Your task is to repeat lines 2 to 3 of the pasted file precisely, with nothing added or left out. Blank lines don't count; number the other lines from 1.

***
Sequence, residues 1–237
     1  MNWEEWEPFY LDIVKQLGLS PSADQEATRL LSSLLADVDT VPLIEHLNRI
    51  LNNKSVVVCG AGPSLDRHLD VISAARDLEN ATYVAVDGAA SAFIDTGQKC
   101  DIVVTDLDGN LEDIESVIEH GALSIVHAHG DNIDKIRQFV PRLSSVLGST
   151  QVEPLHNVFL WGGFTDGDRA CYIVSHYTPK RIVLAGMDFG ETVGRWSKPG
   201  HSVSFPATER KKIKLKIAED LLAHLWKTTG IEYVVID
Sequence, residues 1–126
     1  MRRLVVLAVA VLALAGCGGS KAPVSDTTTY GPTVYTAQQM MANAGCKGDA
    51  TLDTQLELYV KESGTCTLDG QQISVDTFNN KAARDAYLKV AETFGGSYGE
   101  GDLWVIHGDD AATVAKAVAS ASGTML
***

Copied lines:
     1  MNWEEWEPFY LDIVKQLGLS PSADQEATRL LSSLLADVDT VPLIEHLNRI
    51  LNNKSVVVCG AGPSLDRHLD VISAARDLEN ATYVAVDGAA SAFIDTGQKC